Sanctuary of the Human Spirit

Submitted by Paula Polk Lillard
(Edits and contributions by Margaret J. Kelley)

We have begun this school year with a renewed need for the perspective, courage, and resilience that carried us through a troubled spring and a summer of renewed fears: covid variants, vaccine breakthrough cases, many remaining covid restrictions—all of which work against our mission with children. Indeed we are living again, not in the life-threatening and challenging times of a year and a half ago, but, nevertheless, in a setback from where we hoped—and expected—to be.

Yet, as with all setbacks, good things happen in our human task on earth. We “overcome evil with good.” We develop a further awareness that we can’t control our universe; we only defeat one enemy and another appears. It is the story of human history from our beginning. Over time, however, as these experiences help us to develop realism about our own capabilities, our hubris fades and we grow spiritually. We realize our dependence and ultimate need for each other, as parents and teachers, in carrying out our mission for our children. Above all, we become more deeply aware of Creation itself and the Power that sustains it: of all humanity; and the progress of our human civilization from its beginning. It is this recognition, so uniquely the foundation of Montessori education, that enables us to present to our children the natural world and human achievement within it as a gift to them, eternally deserving of their gratitude and appreciation.

Nurturing the Human Spirit

As parents and teachers, we help our children to sustain this vision of gratitude and appreciation by meeting each new day with the resilience and optimism of a strong spirit. We are part of a great and free country whose people are getting up every day, working and raising their families, and living by the values of civil behavior toward all. We are part of this greatness of humanity. In Montessori, we focus on this greatness for the children through a realistic appraisal of human progress since our beginnings on the earth. Truly, we face nothing new in human history today. It is just new to us.

Regardless of the problems of the world at large in any given year, there is always an opportunity for renewal for the human spirit. The Montessori approach has this appeal at its center. E.M. Standing, Dr. Montessori’s oldest and most intimate collaborator for the last thirty years of her life, explains it best in his book, Maria Montessori, Her Life and Work:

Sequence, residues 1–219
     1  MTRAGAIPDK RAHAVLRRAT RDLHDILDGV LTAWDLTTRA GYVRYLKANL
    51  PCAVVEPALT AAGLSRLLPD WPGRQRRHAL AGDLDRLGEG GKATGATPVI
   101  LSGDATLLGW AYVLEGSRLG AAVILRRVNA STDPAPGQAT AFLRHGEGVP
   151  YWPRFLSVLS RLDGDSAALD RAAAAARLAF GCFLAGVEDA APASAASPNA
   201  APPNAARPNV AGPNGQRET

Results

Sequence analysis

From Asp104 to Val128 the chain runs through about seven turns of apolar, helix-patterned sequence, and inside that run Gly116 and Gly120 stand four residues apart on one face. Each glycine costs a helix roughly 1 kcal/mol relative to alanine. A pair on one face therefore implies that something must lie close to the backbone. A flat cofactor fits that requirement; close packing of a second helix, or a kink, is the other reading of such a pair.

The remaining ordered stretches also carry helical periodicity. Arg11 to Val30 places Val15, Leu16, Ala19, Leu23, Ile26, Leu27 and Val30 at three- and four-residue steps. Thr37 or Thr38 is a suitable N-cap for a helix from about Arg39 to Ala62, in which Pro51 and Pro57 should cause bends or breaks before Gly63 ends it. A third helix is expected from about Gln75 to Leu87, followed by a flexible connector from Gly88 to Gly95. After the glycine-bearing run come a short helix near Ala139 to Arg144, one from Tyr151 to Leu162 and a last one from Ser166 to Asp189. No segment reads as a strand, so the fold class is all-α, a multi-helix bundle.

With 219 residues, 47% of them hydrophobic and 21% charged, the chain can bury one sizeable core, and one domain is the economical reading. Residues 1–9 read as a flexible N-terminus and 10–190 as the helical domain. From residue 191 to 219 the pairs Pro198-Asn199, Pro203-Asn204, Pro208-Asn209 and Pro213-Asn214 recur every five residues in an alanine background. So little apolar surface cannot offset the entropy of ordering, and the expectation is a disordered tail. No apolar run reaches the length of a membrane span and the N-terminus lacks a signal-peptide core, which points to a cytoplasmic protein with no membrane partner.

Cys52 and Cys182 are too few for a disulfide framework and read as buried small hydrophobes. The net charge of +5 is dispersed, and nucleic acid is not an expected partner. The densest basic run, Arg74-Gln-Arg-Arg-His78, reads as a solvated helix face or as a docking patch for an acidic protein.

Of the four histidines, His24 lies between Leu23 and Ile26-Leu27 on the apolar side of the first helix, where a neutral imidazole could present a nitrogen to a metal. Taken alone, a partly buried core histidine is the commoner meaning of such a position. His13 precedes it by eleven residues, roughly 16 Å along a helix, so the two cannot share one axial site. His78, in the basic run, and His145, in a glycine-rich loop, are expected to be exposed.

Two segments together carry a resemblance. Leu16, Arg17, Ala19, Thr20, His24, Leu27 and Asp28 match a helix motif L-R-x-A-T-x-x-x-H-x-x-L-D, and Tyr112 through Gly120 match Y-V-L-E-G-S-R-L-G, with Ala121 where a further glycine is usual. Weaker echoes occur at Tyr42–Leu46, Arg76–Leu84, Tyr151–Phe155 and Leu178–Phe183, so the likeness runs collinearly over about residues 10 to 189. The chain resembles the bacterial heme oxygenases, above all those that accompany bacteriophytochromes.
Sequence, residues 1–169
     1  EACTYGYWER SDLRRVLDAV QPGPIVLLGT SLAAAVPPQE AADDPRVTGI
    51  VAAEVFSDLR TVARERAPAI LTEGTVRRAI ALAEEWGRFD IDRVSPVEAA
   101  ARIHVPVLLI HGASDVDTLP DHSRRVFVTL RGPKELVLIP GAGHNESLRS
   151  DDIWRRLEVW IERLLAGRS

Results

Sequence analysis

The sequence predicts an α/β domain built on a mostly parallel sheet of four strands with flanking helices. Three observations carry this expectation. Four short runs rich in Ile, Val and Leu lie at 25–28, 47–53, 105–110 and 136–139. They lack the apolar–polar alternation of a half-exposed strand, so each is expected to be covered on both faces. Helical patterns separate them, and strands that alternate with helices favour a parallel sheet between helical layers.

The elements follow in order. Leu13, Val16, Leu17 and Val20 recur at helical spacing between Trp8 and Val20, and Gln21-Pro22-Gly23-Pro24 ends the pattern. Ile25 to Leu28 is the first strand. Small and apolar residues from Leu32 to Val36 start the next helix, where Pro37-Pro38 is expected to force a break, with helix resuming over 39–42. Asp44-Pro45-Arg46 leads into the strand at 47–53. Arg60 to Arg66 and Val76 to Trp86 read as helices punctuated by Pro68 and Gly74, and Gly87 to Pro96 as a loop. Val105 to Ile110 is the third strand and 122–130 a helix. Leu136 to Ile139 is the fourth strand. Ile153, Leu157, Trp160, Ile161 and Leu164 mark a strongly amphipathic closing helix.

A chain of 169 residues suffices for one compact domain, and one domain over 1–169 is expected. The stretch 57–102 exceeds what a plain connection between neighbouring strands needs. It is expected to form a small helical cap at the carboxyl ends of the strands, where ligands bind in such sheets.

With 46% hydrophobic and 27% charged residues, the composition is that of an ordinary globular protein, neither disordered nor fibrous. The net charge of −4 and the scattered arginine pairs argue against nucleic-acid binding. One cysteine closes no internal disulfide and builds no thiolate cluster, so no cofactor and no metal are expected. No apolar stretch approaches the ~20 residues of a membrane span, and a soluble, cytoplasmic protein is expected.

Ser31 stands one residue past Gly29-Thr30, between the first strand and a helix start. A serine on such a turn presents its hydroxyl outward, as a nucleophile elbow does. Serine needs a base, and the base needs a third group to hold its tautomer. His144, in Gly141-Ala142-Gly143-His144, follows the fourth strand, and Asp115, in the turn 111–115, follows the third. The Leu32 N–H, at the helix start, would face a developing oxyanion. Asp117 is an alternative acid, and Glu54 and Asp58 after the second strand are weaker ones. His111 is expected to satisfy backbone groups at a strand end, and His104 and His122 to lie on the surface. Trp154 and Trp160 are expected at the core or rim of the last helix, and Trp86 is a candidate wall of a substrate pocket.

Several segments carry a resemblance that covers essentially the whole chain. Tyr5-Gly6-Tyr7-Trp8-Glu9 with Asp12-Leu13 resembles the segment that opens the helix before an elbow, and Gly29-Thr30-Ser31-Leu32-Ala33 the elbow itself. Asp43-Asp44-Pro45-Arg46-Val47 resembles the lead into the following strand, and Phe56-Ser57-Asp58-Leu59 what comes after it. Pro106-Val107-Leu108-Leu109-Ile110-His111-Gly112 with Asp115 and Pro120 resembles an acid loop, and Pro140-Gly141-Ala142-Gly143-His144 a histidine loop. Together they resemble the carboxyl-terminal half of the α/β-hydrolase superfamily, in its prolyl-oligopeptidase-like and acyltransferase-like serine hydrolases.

"One of the reasons why Dr. Montessori’s lectures had such a widespread appeal was that she never treated educational problems on a purely technical or utilitarian level. Her appeal was always to the spirit...Even when Montessori was dealing with a subject like arithmetic or grammar the spiritual element was never absent…She saw in every school subject an activity of the human spirit, and therefore treated it with a corresponding dignity and breadth."

To this end, our own spiritual development, both alone and in communion with our children, is our most important work. There are many distractions in this world, and our most vital activity is being present with our children in meaningful and joyful ways, whenever opportunities present themselves. The more that we can slow our pace, admire the changing leaves, read an uplifting book, or listen to our children’s stories—truly, whatever it is that gives us the opportunity to focus on our family life and the blossoming of our own spiritual nature—the more we nurture this part of ourselves and appeal to our children’s own strength of spirit. It is through the strengthening of our spirits that we are able to continue to meet life’s challenges and to emerge both stronger and wiser.

A peaceful fall landscape of a green pasture and trees with yellow leaves

Maria Montessori's Life and Challenges

Perhaps Dr. Montessori’s ability to grasp this understanding of the primacy of the human spirit is the result of the resiliency and courage with which she faced the struggles of her own life—for they were legion. I share her story here because I have always felt uplifted when I am reminded of the fortitude she exhibited and of the way her courage and wisdom deepened with every challenge she faced.

At a time when women were barred by tradition and culture to do so, Dr. Montessori began a professional life by graduating from the medical school at the University of Rome in 1886. First as a practicing physician, and soon, in addition, as a renowned educator of young children, she earned the respect and admiration of her colleagues throughout Europe in both fields. However, when Fascists became dominant in Italy, Standing tells us, “she came to realize that an education which had as its aim the development of a strong and free personality could not thrive in a totalitarian atmosphere.” The Italian government closed all her schools, and the Nazi governments of Germany and Austria followed their lead, even burning an effigy of Dr. Montessori over a pyre of her own books in the public squares of Berlin and Vienna.